Houston employers know that non-compete agreements are a crucial aspect of ongoing business success. While it’s natural for employees to eventually move on from an enterprise, lacking the proper legal protections can result in valuable information falling into the hands of direct competitors. Here at The Jackson Law Firm, we’ve seen the fall out that can result when a non-compete agreement is not present or deemed unenforceable. That’s why we urge business owners to take a cautious approach when creating these essential contracts.
Entrepreneur offers some common-sense tips that employers must keep in mind when creating a non-compete agreement. So-called “ordinary competition” is typically not enforceable, which is why employers should look at standards within their industry for guidance. One example entails an employee that has a close working relationship with his or her customers. In this case, a customer-base may feel a sense of loyalty to the employee in question rather than the company as a whole. A non-compete agreement could be implemented that prevents a worker from drawing on a previous employer’s customer lists.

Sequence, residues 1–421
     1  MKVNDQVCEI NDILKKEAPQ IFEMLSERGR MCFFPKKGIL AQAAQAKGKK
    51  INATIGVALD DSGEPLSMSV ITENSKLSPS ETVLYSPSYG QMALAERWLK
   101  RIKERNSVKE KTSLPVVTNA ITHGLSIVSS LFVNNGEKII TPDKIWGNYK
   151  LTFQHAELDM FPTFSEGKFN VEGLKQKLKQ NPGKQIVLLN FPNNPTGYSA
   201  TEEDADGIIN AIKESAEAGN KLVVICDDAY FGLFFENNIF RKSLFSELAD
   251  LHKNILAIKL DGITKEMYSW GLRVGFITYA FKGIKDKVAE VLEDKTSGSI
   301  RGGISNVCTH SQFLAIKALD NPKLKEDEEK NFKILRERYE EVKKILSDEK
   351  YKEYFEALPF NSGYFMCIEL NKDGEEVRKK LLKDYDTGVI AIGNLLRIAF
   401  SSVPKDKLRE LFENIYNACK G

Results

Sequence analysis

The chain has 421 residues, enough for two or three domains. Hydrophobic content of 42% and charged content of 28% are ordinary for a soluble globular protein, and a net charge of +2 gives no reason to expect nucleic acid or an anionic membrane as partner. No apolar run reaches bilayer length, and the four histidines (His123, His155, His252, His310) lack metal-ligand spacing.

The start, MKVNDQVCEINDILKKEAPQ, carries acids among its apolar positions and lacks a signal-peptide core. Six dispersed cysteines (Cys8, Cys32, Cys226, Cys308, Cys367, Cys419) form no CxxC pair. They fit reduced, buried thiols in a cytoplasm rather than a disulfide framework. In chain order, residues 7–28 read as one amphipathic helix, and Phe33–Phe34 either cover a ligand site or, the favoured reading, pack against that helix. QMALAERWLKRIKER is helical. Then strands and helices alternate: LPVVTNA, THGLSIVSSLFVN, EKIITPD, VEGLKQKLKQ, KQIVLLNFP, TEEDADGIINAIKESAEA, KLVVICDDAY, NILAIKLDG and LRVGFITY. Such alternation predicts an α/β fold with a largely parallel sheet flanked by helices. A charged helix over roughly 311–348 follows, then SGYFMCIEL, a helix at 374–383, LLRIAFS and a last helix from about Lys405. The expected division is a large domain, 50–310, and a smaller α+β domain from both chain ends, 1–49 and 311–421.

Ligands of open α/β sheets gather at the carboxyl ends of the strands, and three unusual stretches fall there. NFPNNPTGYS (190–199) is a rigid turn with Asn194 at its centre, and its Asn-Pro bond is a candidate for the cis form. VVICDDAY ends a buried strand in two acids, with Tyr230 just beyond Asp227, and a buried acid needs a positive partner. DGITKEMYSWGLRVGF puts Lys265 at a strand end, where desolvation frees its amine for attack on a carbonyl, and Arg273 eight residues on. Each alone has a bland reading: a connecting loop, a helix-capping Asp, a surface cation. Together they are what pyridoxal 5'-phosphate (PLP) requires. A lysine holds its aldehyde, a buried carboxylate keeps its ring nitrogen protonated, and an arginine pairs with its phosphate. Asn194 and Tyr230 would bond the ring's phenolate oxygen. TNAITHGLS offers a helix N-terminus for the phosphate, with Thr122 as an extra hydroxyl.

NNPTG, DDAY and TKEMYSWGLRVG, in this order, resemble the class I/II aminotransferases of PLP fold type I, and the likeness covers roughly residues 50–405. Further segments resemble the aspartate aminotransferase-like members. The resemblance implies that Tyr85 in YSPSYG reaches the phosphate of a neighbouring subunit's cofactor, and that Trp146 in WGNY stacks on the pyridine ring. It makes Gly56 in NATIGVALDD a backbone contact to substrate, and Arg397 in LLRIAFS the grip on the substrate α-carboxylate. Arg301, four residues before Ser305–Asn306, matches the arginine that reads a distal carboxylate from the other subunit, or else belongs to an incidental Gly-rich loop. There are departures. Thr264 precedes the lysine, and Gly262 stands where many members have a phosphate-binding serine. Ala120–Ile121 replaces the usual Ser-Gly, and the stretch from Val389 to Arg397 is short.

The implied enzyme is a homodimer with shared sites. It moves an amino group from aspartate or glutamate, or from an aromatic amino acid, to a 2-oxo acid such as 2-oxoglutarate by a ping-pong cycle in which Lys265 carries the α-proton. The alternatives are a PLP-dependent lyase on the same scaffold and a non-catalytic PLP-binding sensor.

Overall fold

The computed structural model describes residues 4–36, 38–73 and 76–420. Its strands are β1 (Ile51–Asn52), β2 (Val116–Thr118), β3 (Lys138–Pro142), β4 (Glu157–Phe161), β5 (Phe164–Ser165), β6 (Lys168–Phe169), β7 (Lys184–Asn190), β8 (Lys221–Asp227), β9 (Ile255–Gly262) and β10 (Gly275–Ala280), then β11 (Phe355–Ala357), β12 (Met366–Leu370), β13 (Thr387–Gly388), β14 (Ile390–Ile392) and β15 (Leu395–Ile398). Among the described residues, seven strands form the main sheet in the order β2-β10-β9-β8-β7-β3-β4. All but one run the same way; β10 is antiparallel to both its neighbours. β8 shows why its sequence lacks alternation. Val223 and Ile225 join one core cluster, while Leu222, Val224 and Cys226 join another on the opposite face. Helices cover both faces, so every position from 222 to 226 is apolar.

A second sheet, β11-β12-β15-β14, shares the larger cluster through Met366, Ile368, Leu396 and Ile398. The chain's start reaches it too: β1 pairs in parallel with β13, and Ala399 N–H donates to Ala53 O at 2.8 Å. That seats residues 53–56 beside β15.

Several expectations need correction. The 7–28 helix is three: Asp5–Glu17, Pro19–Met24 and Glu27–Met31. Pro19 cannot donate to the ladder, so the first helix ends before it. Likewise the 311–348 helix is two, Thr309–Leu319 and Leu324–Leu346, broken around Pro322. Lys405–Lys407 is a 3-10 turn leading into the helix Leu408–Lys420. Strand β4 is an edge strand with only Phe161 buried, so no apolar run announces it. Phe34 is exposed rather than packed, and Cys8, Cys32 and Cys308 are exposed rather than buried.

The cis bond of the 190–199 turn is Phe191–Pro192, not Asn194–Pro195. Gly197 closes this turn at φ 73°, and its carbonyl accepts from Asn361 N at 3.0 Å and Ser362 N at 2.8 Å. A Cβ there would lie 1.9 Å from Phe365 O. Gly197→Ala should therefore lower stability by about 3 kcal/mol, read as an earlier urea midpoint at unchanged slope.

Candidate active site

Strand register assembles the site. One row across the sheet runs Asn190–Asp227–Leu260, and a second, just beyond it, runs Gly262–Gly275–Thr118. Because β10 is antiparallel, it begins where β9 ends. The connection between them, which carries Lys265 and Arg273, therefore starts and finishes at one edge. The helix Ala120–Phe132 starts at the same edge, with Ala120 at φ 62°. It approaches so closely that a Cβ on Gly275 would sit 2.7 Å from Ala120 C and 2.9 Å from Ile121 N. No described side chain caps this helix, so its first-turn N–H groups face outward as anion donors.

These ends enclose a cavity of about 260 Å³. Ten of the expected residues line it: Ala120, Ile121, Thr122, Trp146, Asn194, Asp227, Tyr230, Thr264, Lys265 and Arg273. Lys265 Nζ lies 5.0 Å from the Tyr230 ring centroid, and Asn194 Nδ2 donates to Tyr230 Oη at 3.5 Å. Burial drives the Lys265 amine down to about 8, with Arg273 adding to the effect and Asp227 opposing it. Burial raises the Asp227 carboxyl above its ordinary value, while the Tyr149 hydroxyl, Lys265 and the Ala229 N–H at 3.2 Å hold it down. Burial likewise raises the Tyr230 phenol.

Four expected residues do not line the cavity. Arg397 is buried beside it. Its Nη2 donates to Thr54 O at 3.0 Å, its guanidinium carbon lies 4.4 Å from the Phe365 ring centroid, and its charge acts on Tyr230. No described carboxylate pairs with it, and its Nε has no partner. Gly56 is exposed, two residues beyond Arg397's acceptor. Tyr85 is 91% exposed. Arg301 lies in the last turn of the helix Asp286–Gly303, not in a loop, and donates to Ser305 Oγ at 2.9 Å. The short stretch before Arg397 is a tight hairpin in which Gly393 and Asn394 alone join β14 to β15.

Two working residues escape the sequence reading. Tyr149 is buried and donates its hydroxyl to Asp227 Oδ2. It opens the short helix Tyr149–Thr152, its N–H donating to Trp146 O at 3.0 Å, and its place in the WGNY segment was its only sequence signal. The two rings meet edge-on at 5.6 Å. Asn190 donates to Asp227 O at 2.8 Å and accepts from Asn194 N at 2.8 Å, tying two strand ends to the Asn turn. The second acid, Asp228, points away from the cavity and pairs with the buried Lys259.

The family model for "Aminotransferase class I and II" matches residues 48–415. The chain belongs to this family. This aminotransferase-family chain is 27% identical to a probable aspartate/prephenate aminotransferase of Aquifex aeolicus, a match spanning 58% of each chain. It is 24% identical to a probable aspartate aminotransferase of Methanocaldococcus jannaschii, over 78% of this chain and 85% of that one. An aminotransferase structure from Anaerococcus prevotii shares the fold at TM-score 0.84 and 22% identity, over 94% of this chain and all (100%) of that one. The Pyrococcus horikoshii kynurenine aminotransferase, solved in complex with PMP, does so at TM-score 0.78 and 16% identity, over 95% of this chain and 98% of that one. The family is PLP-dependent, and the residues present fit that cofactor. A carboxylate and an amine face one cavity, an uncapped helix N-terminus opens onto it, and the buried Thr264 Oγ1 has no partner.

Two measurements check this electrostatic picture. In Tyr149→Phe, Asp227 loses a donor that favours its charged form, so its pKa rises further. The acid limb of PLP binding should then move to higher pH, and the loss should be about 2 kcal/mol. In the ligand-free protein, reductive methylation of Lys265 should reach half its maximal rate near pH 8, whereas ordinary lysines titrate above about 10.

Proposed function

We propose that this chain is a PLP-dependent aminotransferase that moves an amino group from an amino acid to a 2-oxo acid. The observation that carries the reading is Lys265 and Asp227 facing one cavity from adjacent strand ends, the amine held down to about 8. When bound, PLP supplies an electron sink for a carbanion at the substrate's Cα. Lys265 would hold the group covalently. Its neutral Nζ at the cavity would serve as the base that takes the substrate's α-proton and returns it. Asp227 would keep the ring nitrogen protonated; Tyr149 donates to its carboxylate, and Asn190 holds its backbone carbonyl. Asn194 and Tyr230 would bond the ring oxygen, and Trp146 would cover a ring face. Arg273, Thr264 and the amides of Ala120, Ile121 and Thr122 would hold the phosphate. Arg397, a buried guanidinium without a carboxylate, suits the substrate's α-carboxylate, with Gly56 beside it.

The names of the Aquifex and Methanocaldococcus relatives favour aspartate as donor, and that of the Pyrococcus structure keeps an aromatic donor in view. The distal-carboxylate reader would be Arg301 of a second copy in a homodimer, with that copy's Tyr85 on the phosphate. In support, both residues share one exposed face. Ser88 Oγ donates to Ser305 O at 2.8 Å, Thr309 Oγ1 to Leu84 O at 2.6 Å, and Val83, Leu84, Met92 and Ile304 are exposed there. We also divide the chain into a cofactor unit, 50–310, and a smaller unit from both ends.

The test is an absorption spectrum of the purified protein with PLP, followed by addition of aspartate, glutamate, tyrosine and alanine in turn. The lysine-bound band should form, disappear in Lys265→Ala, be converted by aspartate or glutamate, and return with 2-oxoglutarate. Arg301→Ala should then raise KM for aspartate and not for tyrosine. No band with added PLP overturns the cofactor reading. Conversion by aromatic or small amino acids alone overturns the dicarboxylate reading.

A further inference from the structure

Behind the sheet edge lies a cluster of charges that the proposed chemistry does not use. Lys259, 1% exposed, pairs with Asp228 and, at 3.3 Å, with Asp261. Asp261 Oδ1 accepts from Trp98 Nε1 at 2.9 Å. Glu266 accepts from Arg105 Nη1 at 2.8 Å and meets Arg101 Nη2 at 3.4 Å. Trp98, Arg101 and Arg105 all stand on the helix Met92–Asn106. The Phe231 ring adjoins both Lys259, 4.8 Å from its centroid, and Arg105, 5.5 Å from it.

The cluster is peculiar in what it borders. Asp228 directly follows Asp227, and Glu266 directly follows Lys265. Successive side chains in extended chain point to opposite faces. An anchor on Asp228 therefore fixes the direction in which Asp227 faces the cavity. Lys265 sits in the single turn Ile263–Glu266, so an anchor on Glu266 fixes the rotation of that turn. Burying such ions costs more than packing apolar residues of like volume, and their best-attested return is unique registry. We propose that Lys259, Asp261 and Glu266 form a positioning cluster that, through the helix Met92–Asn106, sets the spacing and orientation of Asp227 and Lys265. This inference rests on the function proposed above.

Taking a light touch when adding in provisions is also recommended. Any provisions that are considered too harsh (and therefore unenforceable) might put the entire agreement in jeopardy. The time period in which a former employee is held to a non-compete is often cause for concern. While some employees are under obligation to a contract for up to five years, in most cases a two-year period is considered realistic.
It’s suggested that employers cite relevant laws to serve as a basis for the provisions included in their agreements. In the event of a hearing before a court, business owners have a better chance of their agreements being validated when they have foundation in existing laws. If you have questions regarding contract law and your business, please feel free to visit us online.